12 Leashes That Check Every Box on the Experts’ List
The dog leashes recommended by experts based on their very specific criteria.
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Whether you’re adopting a new pup or outfitting your dog in the latest and greatest in pet fashions, there are endless options when it comes to kitting them out. Choosing a leash is no exception. Beyond just finding a leash that’s stylish, durable, and your dog doesn’t totally despise, there are a lot of other factors to consider, including your and your pets’ lifestyles, size and weight, and your dog’s level of reactivity.
Vera Murri, of physical and virtual training schools DogLife Hoboken and Dogs Life Inc, emphasizes that a leash isn’t a replacement for proper training. “They’re not born knowing what the leash is, what the harness is,” she says. “We have a lot of expectations for our dogs.”
If you’re just getting started, veterinarian and The Wildest Collective member Dr. John Iovino recommends “matching the size with the dog” when selecting the length of a leash. This becomes particularly important when introducing your pup to strangers, other animals, or new surroundings. It’s not about controlling the dog; it’s about “teaching them how to switch attention from the trigger back to the handle,” Murri adds.
While trainers and veterinarians may have varying opinions about the materials, length, and safety of using certain leashes based on their own experiences, we spoke with a few to get a well rounded understanding of what to look for. No one wants to browse 10 pages of options anyways, right? We covered the best leashes for chewers and pullers, seniors and adolescents, and big and small dogs. Below, everything you need to know about the right leash for your dog (before you make an impulse purchase on Amazon).
Btw, our editors (and their pets) picked out these products. They’re always in stock at the time we publish, but there’s a chance they’ll sell out. If you do buy through our links, we may earn a commission. (We’ve got a lot of toys to buy over here, you know?)
The goal of leash training a dog is to be able to walk without any tension at either end of the lead. Training plays a huge part in your dog’s comfortability on a leash, but the best leashes are designed to be pet and human safe. The veterinarians and trainers we spoke to clued us in to the most unpopular leash among them: retractable leads. “Retractable leashes aren’t heavily in favor. If you have a dog that you’re doing work with, and you want them to heel properly or walk properly, it’s just going to be more difficult to execute that,” says Dr. Iovino.
Beyond making executing commands more difficult for dog and dog parent, the leashes also have a reputation for being dangerous. “I tend to suggest avoiding retractable leashes,” says Annie Grossman, professional dog trainer and owner and founder of School For the Dogs. “If dropped, they can snap towards a dog, which can be both dangerous and scary.” Not only can they frighten pups who are noise-sensitive and cause them instinctually to run while being chased by the heavy plastic handle, but they’re also a danger to humans. “Whenever I see a retractable leash on someone’s hallway table, I tell them to throw it out,” warns Murri. “If you just Google injuries retractable leashes, you will see a lot of different stories.”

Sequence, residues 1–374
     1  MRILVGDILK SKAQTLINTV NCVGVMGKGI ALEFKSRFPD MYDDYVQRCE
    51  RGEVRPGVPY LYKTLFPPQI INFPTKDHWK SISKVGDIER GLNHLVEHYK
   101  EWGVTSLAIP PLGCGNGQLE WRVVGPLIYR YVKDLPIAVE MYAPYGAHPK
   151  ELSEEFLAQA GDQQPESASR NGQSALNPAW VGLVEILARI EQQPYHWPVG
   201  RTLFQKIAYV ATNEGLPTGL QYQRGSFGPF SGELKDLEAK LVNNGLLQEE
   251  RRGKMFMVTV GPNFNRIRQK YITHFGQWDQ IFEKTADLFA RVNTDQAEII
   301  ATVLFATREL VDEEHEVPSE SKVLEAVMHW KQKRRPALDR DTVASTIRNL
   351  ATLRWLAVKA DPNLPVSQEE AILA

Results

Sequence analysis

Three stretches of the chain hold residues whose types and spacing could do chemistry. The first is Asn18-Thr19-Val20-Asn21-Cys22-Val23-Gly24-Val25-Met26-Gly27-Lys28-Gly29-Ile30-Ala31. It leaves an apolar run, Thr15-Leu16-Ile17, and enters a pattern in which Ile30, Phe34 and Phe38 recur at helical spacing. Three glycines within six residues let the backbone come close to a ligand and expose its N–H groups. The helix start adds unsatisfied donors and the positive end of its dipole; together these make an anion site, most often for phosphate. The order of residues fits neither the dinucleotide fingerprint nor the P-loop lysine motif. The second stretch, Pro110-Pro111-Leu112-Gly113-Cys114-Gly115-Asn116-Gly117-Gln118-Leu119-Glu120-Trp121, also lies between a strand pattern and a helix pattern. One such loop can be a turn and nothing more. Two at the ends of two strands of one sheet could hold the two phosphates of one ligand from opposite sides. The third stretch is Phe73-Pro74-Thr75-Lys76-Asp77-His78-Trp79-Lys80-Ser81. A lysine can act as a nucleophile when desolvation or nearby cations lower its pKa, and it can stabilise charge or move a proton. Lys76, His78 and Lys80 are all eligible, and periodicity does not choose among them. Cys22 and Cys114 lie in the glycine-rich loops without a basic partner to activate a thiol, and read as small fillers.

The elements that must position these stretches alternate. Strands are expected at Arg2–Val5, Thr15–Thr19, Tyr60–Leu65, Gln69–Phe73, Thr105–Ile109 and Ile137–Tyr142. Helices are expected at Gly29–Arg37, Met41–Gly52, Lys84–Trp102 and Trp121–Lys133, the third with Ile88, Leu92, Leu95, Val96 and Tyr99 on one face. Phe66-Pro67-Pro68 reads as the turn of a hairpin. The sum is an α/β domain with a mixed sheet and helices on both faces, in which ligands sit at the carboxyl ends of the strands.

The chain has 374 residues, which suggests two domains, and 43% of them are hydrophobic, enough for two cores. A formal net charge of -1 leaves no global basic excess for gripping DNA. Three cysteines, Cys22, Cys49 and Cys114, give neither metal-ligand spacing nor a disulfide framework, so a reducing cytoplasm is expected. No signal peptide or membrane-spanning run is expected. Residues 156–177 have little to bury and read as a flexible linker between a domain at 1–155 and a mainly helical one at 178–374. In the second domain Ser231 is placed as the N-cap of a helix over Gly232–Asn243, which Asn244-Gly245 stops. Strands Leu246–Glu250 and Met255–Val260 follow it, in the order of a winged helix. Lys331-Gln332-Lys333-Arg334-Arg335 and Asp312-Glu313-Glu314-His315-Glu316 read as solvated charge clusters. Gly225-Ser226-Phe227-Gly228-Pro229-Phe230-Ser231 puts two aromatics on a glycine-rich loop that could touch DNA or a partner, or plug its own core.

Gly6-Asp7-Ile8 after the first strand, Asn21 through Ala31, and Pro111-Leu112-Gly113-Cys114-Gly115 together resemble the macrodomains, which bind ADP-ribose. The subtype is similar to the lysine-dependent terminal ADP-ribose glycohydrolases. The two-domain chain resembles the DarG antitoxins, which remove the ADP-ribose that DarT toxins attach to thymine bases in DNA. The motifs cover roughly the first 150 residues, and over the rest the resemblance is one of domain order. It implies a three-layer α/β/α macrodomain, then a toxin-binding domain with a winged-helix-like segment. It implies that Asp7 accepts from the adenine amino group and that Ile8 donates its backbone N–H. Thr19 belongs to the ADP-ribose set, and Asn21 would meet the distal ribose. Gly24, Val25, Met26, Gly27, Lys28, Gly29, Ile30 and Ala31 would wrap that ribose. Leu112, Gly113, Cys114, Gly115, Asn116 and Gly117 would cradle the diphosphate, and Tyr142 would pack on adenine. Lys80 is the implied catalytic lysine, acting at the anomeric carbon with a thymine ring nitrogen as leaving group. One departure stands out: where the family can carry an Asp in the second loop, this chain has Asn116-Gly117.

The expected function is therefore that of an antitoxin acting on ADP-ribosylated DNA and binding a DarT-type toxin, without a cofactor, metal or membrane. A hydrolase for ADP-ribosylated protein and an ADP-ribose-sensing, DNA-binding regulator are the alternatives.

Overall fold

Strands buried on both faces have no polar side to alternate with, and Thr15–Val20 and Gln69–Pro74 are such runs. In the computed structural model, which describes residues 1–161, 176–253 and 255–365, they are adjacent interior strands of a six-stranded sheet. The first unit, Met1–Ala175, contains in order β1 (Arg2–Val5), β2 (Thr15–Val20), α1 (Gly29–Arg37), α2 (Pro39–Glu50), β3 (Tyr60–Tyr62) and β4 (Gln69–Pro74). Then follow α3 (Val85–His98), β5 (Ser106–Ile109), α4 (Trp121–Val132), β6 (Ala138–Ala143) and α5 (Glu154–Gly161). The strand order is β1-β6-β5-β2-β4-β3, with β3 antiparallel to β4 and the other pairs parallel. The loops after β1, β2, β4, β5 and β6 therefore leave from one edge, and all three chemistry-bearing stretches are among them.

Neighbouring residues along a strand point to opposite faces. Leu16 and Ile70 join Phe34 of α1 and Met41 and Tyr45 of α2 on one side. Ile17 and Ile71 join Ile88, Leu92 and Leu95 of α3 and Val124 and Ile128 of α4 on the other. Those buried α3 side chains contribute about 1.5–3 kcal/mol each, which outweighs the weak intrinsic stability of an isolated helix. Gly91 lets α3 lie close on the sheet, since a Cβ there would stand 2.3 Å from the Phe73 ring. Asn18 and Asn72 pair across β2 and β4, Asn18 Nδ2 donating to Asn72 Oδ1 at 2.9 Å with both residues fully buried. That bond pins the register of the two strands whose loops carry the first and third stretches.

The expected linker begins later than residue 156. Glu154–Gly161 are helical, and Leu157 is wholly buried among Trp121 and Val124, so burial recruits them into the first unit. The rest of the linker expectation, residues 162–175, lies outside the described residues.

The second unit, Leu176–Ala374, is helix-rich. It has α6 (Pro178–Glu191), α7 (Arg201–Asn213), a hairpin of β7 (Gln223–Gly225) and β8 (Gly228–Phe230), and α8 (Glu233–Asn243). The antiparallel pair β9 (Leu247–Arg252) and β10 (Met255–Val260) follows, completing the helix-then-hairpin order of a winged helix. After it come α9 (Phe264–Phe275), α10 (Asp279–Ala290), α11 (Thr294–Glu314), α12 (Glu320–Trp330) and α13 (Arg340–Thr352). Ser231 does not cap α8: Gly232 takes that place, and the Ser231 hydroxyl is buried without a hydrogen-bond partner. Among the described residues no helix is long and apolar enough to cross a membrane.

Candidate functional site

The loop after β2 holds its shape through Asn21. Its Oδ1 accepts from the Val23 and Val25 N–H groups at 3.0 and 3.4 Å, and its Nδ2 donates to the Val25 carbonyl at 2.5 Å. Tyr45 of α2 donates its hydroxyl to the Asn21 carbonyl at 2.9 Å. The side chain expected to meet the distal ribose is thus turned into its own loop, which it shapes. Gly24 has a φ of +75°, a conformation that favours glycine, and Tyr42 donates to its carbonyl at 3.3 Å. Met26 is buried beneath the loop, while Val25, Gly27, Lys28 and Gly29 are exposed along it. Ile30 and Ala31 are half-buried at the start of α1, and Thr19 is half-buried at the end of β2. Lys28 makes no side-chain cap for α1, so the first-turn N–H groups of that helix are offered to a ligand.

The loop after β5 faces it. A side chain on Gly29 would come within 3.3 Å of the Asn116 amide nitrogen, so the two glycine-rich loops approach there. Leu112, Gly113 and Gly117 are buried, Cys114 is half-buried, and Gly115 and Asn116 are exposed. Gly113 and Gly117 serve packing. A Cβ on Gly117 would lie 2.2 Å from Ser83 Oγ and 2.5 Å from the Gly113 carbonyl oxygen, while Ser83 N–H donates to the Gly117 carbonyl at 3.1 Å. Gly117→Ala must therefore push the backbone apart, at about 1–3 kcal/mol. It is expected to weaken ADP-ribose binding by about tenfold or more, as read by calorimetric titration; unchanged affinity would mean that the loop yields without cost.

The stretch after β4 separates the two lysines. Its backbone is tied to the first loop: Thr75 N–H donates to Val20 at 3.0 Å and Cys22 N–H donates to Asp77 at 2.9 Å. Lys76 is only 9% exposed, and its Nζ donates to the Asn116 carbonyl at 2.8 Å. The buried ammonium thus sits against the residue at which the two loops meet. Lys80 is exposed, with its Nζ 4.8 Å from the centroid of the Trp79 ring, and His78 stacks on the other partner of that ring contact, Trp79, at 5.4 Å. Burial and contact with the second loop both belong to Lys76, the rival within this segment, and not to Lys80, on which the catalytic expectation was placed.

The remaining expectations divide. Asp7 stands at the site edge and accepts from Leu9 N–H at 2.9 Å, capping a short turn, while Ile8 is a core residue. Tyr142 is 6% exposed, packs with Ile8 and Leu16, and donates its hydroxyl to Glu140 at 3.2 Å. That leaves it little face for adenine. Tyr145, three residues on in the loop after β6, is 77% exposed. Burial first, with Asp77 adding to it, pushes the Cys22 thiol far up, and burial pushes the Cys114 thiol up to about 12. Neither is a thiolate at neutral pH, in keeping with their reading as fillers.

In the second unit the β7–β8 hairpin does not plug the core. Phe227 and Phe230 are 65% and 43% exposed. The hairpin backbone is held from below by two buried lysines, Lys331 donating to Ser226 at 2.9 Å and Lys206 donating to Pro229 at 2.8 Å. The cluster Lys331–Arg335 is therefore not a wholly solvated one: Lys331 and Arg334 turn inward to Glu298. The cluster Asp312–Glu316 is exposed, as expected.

Sizing and Fit
The greatest indicator of safety and comfort is going to be size and fit. “For your average walking scenario, what you want is just a short durable lead that isn’t too long, but isn’t too short,” Dr. Iovino advises. “The going length is 4 to 6 feet.” Aside from length, you should also be aware of width and weight specifications. A tiny Terrier won’t be able to tolerate as heavy of a lead as a Doberman. “I also see people using leashes that are a little too heavy for their very young and small puppies,” Murri says. She recommends using a carabiner on the smaller side, “especially if you have a puppy under 10 pounds.”
For larger dogs, the opposite issue presents itself. Without a heavy enough leash, bigger dogs can easily pull a lightweight lead out of your hand even if they aren’t a tugger. Murri recommends “using an inch [thick leash] for dogs that are bigger than 20 pounds.”
A leash’s clasp is just as important as its dimensions and weight. Grossman shares her preferred clasp type, which is a trigger snap: “[It] has more overlap and is therefore safer than a simple pull-back clasp.”
Durability and Materials
While you likely won’t need anything stronger than a nylon material for the average dog, Grossman shares her other preferences: “I also like the Mendota braided leashes, which are very sturdy but not heavy.” This makes them an excellent choice for dogs of any size, as they come in multiple lengths and widths. If your dog is a chewer, you’d be better suited with a leather or leather-alternative leash.
Grossman offers a tip for chewers: “You can attach a simple chain between the end of your leash and the dog’s collar if you have a dog who bites a leash.” Another option she recommends is the VirChewLy Indestructible Leash, which is made from rubber-coated metal and will keep your pup from destroying your main point of contact.
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Avery is an editor at The Wildest. She has written for numerous publications, including Refinery29, BuzzFeed, and V Magazine. She lives in Brooklyn, New York with her fiancé and cat, Chicken, and has high hopes that one of them will let her adopt a dog.